As was the case at every job he held in Kansas, Essex found vending machine repair beneath him. He dropped out of the course and spent his days reading more radical anti-white literature.
In a two-week stretch of November, Mark Essex went from angry to deadly.
The Thursday before Thanksgiving (16 November), protests erupted at Southern University, a historically black school on the north side of Baton Rouge, 18 kilometers (11 miles) from the largely white LSU.
Those protests soon became full-fledged riots, prompting university president Dr. Leon Netterville to call from help from the East Baton Rouge Parish Sheriff’s office.
Soon, Gov. Edwin Edwards learned of what was going on at Southern, and he ordered the Louisiana State Police in. Edwards soon flew to the university by helicopter and spoke to the students, who mercilessly heckled the man who would go on to serve four terms as governor and later end up in federal prison on racketeering and bribery convictions.
Two students, Leonard Brown and Denver Smith, were killed.
This enraged Essex, who thought “pigs” were again shooting and killing innocent black people.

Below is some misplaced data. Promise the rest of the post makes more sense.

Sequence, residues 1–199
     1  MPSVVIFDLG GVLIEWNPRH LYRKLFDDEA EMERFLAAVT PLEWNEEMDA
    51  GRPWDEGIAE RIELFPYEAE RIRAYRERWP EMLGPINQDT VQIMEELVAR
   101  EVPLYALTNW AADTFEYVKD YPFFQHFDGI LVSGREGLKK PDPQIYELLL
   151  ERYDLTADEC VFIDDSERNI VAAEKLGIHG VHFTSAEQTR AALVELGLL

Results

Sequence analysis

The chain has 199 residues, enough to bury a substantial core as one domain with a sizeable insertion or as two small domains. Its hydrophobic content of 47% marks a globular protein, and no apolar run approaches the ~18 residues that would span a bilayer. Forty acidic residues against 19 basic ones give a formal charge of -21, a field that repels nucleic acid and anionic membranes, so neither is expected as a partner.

(On the other hand, Essex probably didn’t give a damn when four white students were shot and killed at Kent State in May 1970.)
Essex’s rage boiled into an inferno–literally.
On 29 November, a massive fire broke out on the 15th floor of the Rault Center, a high rise in the Central Buisness District.
The fire raged through the Lamplighter Club and an adjacent hair salon.
Several trapped on the 15th floor made it to the 16th, where they were rescued by helicopter, but sadly, not everyone could make it out.
Faced with the terrifying prospect of burning to death or otherwise dying from smoke inhalation, five women in the salon attempted to jump to safety.
Three died instantly. One died of her injuries several days later.
The fifth, Natalie V. Smith, lived more than 40 years after.
There were no sprinklers in the Rault Center, which angered then-Deputy Fire Chief William McCrossen. When he was promoted to the top spot in the spring of 1973, McCrossen immediately demanded all buildings be fitted with sprinklers.
Arson was immediately suspected.
Two suspicious black men were spotted on the 15th floor the morning of the fire. One of them matched the description of Mark Essex.
Unfortunately for building owner Joseph Rault, the New Orleans Fire Department and the victims’ families, they would never see Mark Essex brought to justice.
That’s because Essex wouldn’t live long enough to be brought to justice for the arson, thanks to more brazen crimes.
TO BE CONTINUED